Five Artsy Things to Do This Week, Including Father-Son Phone Books
Robert Mapplethorpe's photo Jim, Sausalito (1977)
Courtesy LACMA, © Estate of Robert Mapplethorpe
This week, flowers and fetish photos hang one on top of the other at LACMA, the Getty throws a party for an 80-year-old mural and an artist shadows a possibly imaginary former classmate.
5. Nine-year-long sci-fi opera
Kathleen Johnson's Brainchild, a performance in nine parts set to unfold over nine years (the first performance was last held in 2011), tells the story of a girl named Brainchild who happens upon the ruins of an ancient race. This race, it seems, knew about space travel eons before we did. Composer Gregory Lenczycki arranged the hypnotic soundtrack for Brainchild II, which premieres at Human Resources this weekend. Actress-dancer Dominique Cox plays the lead, and two performers with opera in their backgrounds, Bianca G. Marrero and Juliette Dwyer, make up the chorus. The show will stream live on kchungradio.org. 410 Cottage Home St.; Nov. 3, 8 p.m. (213) 290-4752, humanresourcesla.com.
4. New chapter for the Yellow Pages
Peisha McPhee & Sergiu Tuhutziu's Chopin Meets Broadway
TicketsFri., Sep. 30, 8:30pm
Andrew Dice Clay
TicketsSat., Oct. 1, 8:00pm
Panic! Productions presents Bring It On: The Musical
TicketsThu., Oct. 6, 7:30pm
TicketsThu., Oct. 6, 7:30pm
TicketsFri., Oct. 7, 7:30pm
Phone books still turn up on doorsteps, but in Lipschutz & Lipschutz's show at Concord Space in Cypress Park, they look entirely archaic. Father-son collaborators Jeff and Mike Lipschutz build big, waist-high cylinders or off-kilter totems out of phone books, turning them from data sources to awkward infrastructure for sculptures that are the antithesis of systematic. 1010 N. San Fernando Road; through Nov. 9. concordspace.org.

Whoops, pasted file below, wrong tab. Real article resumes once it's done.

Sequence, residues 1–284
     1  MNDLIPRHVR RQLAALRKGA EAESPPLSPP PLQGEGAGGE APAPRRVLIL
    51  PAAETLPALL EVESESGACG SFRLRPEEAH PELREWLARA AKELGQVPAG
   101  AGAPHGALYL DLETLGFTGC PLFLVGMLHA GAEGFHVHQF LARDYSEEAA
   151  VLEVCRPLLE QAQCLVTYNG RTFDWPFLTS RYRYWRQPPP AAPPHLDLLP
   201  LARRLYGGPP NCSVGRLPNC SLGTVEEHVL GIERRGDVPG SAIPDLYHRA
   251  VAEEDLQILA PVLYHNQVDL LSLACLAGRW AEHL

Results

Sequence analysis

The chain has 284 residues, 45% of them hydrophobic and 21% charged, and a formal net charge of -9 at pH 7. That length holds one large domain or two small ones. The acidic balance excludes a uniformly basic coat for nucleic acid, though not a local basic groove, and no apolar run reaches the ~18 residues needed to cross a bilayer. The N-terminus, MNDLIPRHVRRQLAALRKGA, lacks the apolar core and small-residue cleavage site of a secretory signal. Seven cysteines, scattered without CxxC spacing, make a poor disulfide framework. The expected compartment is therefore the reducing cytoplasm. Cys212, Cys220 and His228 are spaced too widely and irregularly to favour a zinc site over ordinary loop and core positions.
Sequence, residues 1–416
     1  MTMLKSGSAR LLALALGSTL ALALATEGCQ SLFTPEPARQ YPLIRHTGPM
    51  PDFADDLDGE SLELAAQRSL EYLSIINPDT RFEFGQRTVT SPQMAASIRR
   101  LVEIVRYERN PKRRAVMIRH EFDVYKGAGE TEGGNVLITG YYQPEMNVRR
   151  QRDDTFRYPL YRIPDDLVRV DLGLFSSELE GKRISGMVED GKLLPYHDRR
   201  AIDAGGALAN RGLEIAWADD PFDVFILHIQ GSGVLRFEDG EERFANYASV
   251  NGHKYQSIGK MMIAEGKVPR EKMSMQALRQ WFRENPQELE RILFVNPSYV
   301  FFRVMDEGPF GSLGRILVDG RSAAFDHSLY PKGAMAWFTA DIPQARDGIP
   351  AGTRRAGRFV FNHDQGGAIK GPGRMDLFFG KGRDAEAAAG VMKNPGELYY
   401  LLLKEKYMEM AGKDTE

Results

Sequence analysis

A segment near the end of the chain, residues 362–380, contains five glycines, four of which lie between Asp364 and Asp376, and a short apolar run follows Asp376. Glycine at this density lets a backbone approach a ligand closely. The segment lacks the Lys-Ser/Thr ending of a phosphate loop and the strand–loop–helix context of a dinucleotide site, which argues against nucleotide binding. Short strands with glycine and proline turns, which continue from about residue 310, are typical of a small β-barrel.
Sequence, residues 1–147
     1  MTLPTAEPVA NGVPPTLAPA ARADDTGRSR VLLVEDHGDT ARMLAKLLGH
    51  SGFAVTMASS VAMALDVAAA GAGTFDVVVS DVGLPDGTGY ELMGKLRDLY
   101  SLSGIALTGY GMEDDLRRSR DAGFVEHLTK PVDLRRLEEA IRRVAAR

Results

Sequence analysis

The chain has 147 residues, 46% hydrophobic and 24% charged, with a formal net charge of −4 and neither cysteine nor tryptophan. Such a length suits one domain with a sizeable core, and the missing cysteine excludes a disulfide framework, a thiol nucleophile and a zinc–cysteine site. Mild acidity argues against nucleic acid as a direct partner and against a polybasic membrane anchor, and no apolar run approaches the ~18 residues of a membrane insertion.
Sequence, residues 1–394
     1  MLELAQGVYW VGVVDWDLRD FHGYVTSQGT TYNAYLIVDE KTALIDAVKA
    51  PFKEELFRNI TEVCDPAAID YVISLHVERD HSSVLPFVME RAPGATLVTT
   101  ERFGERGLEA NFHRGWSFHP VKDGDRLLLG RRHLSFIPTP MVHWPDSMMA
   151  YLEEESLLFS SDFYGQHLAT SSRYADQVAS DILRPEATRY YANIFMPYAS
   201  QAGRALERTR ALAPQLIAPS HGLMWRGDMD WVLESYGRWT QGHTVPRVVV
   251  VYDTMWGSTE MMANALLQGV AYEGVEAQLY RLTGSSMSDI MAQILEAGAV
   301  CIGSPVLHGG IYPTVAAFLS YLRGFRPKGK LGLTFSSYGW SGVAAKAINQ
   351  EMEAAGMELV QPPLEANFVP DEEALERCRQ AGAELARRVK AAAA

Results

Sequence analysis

3. Party on Olvera Street
When Mexico exiled muralist David Alfaro Siqueiros for militancy -- he'd started a weekly called El Machete, among other things -- he came to L.A. The mural he painted on Olvera Street that year showed a man bound to a cross, menaced by an eagle. Pre-Colombian imagery crowded in on either side. Siqueiros sprayed it into the still-wet outside wall of the Italian Hall and so figured it would last forever. "[Rains] will never wash it off, nor sun dim its details, for it is cement," he proclaimed. But the elements did dim the mural and it had nearly disappeared until the Getty joined the city's preservation effort. It's hosting a daylong festival at LA Plaza de Cultura y Artes Los Angeles this weekend that includes a performance of American Tropical, the opera named after the mural. 501 N. Main St.; Sat., Nov. 3, starts 10:30 a.m., opera at 4:30 p.m.; free. (310) 440-7300, getty.edu.
2. Low expectations
"It's not that I don't trust the director, but he seems to be underestimating the challenges ahead," says Q, the long-haired, listlessly elegant protagonist of Pablo Pijnappel's film Quirijn. Q has just explained -- via subtitles because the film has no sound -- that he agreed to be filmed for the money but doesn't expect much else from it. Shot in Berlin on 16mm and screening at Ambach & Rice, Pijnappel's film looks vintage but isn't. It follows Q for 10 minutes or so, and for the first half, it's hard to care about Q's laid-back stream of consciousness. By the second half, Q has become endearing. By the time the director steps in for a few minutes at the end, to talk about why Q became his subject, you genuinely want to know about how Q probably has "normal desires" but finds "the act of seduction" too much bother and yet goes far out of his way for good coffee. 6148 Wilshire Blvd.; through Nov. 24. (323) 965-5500, ambachandrice.com.
1. A good excuse for flowers
"As soon as everyone knew about his fisting photographs, his lilies gained
an edge," curator Edward Steichen once said, remembering how Robert Mapplethorpe got away with shooting unquestionably pretty photos of flowers in a 1970s and '80s art world wary of beauty. It was because he'd also shot unquestionably pretty but explicit and unnerving photos of men in compromising positions wearing S&M masks. LACMA curator Britt Salveson has installed Mapplethorpe's X (S&M images), Y (flower still lifes) and Z (nude African-American men) portfolios in rows, stacked one on top of the other. So you can't look at an iris or a rose without seeing a man in leather or with his fly unzipped. 5905 Wilshire Blvd.; through March 24. (323) 857-6010, lacma.org.
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